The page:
BY THE NUMBERS
• Number of Catholics in Dalton: 17,459
• Percentage of Dalton residents who are Hispanic: 48 percent
• Weekend church attendance for St. Joseph’s Catholic Church in Dalton: 5,000 to 7,000
• Church attendance at St. Toribio Romo in Chatsworth, Ga.: 900
• Attendance at Capilla Inspiracion, a Guatemalan mission in downtown Dalton: 200
• U.S. Catholic Church membership in 2011: 68.5 million.
• Southern Baptist Convention in 2011: 16.1 million.
Sources: Association of Religion Data Archives, U.S. Census, St. Joseph’s Catholic Church, National Council of Churches
DALTON, Ga. — Two separate car dealerships failed at a concrete-and-glass showroom built in 2001 in Chatsworth, Ga.
Then Dalton’s St. Joseph’s Catholic Church bought the 22,000-square-foot building on U.S. Highway 76 in 2012 to establish a mission in Murray County, which had no Catholic church.
“It had 600 people the very first day, which kind of got me in trouble with the fire marshal,” said the Rev. Paul Williams, the pastor who leads St. Joseph’s. “It’s full every Sunday.”
When it came time to name the mission, the mostly Spanish-speaking parishioners picked the patron saint of Mexican immigrants, St. Toribio Romo González. He was a priest killed in 1928 when Catholics were being persecuted in Mexico. His spirit still is said to guide the impoverished across the border.
“It was almost unanimous: St. Toribio Romo,” Williams said.
The former dealership features what’s jokingly referred to as “Chevy Jesus,” a statue of Jesus placed upon a large Chevrolet emblem in the floor, said Williams, a self-described “car guy” who drag races a 900-horsepower Chevy Camaro as a hobby.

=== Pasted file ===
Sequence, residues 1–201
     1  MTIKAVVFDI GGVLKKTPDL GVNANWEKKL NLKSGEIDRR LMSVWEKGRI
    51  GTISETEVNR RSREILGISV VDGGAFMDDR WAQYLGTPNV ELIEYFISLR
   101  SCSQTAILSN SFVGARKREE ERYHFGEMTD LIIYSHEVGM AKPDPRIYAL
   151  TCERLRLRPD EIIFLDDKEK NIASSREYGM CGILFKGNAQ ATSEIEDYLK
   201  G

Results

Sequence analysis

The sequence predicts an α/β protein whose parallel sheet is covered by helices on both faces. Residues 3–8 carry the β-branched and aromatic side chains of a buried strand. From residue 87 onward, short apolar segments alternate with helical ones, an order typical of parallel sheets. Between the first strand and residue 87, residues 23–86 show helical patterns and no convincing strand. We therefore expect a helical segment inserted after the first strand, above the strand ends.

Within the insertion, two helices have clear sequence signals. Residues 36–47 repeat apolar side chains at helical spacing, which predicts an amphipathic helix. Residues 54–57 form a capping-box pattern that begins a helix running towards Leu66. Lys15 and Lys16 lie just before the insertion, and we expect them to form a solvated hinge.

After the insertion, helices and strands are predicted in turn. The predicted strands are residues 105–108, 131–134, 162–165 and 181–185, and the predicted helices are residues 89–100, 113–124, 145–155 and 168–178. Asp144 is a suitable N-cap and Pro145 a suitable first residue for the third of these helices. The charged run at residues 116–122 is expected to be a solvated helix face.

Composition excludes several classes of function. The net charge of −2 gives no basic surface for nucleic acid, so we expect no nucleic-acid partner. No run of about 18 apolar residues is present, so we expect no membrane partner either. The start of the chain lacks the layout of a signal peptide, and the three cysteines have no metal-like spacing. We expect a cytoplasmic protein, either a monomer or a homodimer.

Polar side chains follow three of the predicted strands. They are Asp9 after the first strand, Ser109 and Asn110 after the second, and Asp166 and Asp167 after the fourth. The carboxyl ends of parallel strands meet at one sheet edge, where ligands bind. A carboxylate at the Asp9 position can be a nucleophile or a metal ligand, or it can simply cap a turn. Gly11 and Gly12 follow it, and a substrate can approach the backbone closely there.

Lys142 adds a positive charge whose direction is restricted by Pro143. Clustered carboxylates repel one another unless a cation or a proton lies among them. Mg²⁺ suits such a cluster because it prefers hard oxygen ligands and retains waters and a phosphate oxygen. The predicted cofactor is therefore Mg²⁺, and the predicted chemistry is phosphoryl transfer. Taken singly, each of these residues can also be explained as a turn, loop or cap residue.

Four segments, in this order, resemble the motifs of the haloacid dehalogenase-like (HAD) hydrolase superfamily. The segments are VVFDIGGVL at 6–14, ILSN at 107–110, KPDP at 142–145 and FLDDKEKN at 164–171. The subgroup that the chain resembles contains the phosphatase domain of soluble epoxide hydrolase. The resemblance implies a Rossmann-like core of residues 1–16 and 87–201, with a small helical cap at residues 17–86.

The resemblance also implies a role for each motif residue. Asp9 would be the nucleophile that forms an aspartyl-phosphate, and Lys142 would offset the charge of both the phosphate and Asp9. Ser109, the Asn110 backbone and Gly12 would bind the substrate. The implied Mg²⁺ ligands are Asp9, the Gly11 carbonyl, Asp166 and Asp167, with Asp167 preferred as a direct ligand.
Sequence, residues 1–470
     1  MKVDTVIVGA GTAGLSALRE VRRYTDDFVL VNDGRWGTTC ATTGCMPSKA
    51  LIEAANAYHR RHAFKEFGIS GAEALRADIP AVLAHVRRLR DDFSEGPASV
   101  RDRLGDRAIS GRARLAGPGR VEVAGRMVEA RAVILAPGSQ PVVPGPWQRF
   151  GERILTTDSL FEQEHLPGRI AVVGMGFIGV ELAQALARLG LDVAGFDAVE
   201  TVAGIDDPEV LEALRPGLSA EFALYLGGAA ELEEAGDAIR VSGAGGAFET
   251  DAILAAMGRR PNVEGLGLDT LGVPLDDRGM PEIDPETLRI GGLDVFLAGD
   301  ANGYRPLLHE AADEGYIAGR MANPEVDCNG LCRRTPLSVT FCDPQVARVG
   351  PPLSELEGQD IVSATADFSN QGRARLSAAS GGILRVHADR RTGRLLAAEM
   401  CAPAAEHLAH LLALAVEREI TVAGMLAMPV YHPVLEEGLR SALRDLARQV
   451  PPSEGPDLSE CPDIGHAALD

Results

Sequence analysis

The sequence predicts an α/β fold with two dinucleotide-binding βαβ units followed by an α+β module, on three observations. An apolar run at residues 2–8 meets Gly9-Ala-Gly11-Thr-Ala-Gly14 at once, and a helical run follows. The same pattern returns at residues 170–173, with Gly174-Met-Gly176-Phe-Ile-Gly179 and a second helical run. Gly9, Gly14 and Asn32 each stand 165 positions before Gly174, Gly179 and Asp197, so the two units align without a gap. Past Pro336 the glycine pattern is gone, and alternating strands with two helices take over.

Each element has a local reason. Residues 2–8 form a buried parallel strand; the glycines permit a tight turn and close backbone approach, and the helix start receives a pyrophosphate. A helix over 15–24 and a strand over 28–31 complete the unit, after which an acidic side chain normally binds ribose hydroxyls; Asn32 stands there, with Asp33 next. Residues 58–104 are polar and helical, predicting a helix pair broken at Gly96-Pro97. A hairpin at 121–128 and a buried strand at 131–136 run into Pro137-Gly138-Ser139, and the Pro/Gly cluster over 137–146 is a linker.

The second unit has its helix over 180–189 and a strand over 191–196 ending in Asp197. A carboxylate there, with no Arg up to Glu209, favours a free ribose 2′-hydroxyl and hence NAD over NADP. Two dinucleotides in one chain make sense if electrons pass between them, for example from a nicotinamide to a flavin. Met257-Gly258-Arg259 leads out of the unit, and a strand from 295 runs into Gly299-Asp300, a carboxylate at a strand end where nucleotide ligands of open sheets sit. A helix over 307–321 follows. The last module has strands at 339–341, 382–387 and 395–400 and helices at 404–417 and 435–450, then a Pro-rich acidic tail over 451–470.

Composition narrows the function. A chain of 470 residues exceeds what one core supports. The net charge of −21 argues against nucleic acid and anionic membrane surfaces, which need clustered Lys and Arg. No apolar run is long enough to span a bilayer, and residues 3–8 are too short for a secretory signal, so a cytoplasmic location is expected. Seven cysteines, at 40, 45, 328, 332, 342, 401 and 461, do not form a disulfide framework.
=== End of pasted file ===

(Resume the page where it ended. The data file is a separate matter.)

While older mainline churches in the Bible Belt have seen their attendance fall, the Catholic church continues to grow in Georgia. Its pews are now mainly filled by Hispanics, Williams said, both newcomers to the United States and families who have been here for two or three generations.
“The Catholic Church is booming — especially in Georgia,” said Williams. “There are more Hispanic than English-speaker [Catholics] in Georgia.”
Georgia has more than 1 million Catholics now, he said, compared to less than 500,000 about 20 years ago.
Williams has seen the growth first-hand.
St. Joseph’s has between 5,000 and 7,000 people come every weekend to the five Spanish and two English Masses held at its campus built in 2000 in a leafy, upscale Dalton neighborhood.
“Every day, there’s something going on in this church,” said Miguel Trivino, 37, a corporate safety manager for Shaw Industries who attended a noon weekday Mass last week.
“The Hispanic community here in Dalton, it’s a growing community,” said Trivino, who followed all that was said and sung during Mass using an app on his smart phone.
A third priest is due to start working soon alongside Williams and Padre Duvan Gonzales. All three priests speak Spanish and English.
Last year, St. Joseph’s converted an old funeral home in downtown Dalton into a mission that serves some 200 Guatemalans who have trouble traveling to the main church.
Williams said St. Joseph’s is trying to be a church that goes to where the people are. That’s been a theme of Pope Francis, he said. Every time the church does so, it gains new members, Williams said. It’s not siphoning worshipers from its main campus.
“We’re not robbing Peter to pay Paul,” he said.
Williams wants to focus on the church’s youth. He has architectural drawings displayed in his office for two additional buildings for classrooms and youth services at St. Joseph’s main campus. He hopes to get construction started in 2015.
“The church is open and welcome to children,” Williams said, including the very youngest. “You come to Mass, and guess what? There’s children crying.”
Williams, who studied computer science at Georgia Tech and worked in the fighter jet program at General Dynamics before entering the priesthood, said many of St. Joseph’s youths have their sights on college, including prestigious institutions such as the University of Georgia and Harvard.
“I’d like to see Northwest Georgia expand its opportunities,” Williams said. “What’s going to attract them to come back to Dalton? They don’t need to take their parents’ jobs in the factory.”
Contact staff writer Tim Omarzu at firstname.lastname@example.org or twitter.com/TimOmarzu or 423-757-6651.
Tim Omarzu covers education for the Times Free Press. Omarzu is a longtime journalist who has worked as a reporter and editor at daily and weekly newspapers in Michigan, Nevada and California.